Catches come in multiples of 11. That's what protagonist William Tell learns in "Then What?" (www.thenwhat.com), a novel about how technology makes us nuts in an exciting kind of way. I've read "Then What?" several times, but that's because I wrote it and didn't have a choice - my editor made me. Described as Monty Python meets the Matrix meets Alvin Toffler on too much coffee, "Then What?" tackles some of the more important questions that face us, like, "Why is everything we like to eat bad for us?" And, "How come you never see the headline, 'Psychic Wins Lottery!' "
Techwit By Jason Ohler
Back to catches coming in multiples of 11. Most people know about Catch 22 (from Heller's book of the same name), which basically says "you're stuck." A classic example of Catch 22 is needing experience before you can get a job but needing a job in order to get the experience. William Tell discovers two more catches, Catch 33 and Catch 77, both of which describe fundamental truths about how technology brings out the neurosis in all of us.
Catch 33 refers to something that can only be true if you do it, but if you actually do it then it's not really true anymore. Like using a coupon to buy something you don't really need in order to save money. Like buying a computer to simplify your life. Like watching TV to stay informed. Life's full of Catch 33s. They gave birth to the saying, "there's no such thing as a free lunch."
Catch 77 says that technology makes us do things just because we can, whether we need to or not. Want proof? Hand someone a hammer and watch what happens. Within about four seconds they'll look for something to hit. They can't help it. This is why psychologist Maslow said, "to someone with a hammer the world looks like a nail." Something similar happens if you hand someone a pencil, which is why media critic Postman said, "to someone with a pencil the world looks like a paragraph." We like to think we're in charge of our tools, but the fact is that once we get a new car we look for a place to drive to, whether we need to go there or not. And if that's the way it is with a hammer, a pencil or a car, imagine the power of an Internet connection or video camera to make us do things just because we can.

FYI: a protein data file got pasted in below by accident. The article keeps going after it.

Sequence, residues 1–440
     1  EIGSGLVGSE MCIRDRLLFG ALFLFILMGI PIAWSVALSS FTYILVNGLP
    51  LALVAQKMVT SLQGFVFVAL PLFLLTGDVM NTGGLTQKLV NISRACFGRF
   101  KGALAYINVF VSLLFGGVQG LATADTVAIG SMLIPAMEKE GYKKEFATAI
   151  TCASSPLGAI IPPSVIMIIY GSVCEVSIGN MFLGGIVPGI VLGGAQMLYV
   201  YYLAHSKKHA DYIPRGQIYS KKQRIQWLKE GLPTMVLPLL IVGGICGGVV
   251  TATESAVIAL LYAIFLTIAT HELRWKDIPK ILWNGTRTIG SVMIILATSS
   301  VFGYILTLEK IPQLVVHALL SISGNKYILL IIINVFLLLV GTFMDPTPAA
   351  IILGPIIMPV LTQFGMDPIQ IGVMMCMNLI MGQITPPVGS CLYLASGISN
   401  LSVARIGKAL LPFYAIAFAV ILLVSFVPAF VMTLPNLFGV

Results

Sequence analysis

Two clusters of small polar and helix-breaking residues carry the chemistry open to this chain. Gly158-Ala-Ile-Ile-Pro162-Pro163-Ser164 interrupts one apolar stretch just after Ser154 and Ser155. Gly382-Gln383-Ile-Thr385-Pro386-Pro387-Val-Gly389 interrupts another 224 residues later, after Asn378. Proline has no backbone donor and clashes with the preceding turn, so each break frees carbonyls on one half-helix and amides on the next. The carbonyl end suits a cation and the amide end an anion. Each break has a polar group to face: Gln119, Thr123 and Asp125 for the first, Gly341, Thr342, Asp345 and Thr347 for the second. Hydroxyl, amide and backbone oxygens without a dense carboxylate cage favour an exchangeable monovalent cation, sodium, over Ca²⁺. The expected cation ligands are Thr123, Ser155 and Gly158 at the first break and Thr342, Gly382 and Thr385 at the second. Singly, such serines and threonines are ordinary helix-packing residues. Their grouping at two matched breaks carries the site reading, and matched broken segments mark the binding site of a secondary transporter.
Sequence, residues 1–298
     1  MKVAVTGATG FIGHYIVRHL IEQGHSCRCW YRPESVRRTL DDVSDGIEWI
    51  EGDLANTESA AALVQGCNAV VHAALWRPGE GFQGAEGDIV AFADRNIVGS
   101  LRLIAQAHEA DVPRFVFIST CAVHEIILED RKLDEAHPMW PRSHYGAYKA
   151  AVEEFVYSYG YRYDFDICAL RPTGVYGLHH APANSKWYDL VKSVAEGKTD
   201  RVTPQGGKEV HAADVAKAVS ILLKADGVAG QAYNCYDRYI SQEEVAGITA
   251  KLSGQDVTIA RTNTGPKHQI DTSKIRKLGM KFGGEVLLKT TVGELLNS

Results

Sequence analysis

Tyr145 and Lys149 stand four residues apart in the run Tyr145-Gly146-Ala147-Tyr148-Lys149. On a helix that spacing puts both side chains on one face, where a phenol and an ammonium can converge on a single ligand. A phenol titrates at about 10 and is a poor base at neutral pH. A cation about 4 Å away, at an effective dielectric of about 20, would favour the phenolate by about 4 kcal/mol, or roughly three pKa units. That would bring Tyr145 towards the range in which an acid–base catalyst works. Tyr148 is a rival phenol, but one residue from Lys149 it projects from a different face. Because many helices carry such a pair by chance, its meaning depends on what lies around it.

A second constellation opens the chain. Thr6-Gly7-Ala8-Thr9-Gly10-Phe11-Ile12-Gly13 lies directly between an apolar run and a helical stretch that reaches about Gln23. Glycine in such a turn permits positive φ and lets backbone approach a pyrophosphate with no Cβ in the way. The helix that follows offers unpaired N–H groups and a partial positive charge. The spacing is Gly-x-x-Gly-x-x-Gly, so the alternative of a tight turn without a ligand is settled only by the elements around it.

One of the most important truths about technology that William Tell learns in "Then What?" comes in the form of a question: What happens when you give a bad guitar player a bigger amplifier? It's a truth I experienced first hand during the Beatlemania era. Like most young men who watched all those screaming, fainting women at Beatle concerts, I decided to pursue a career in music. Like most guitar players during that time, I tried compensating for my lack of talent by buying a bigger amplifier. What resulted was an era filled with lots of clueless guitar players playing lots of really bad, loud music. The "bigger amplifier syndrome" became the metaphor for the digital age that followed. Word processors have increased the amount of beautiful poetry in the world as well as the amount of tedious junk mail. Electronic spreadsheets have made financial planning possible while producing more misleading pie graphs than ever before. Thanks to technology, our gifts and our gaffes are amplified and fully exposed.
Where does William Tell end up at the end of his journey? He realizes that even if he can get past Catch 22 and Catch 33 and not fall prey to Catch 77, the big catch awaits him, which says, "there's always a catch." But he also learns that navigating a life full of catches becomes much more enjoyable if he turns his amplifier down.
Jason Ohler is professor of educational technology at the University of Alaska Southeast and can be reached at firstname.lastname@example.org. © 2002 Jason Ohler.
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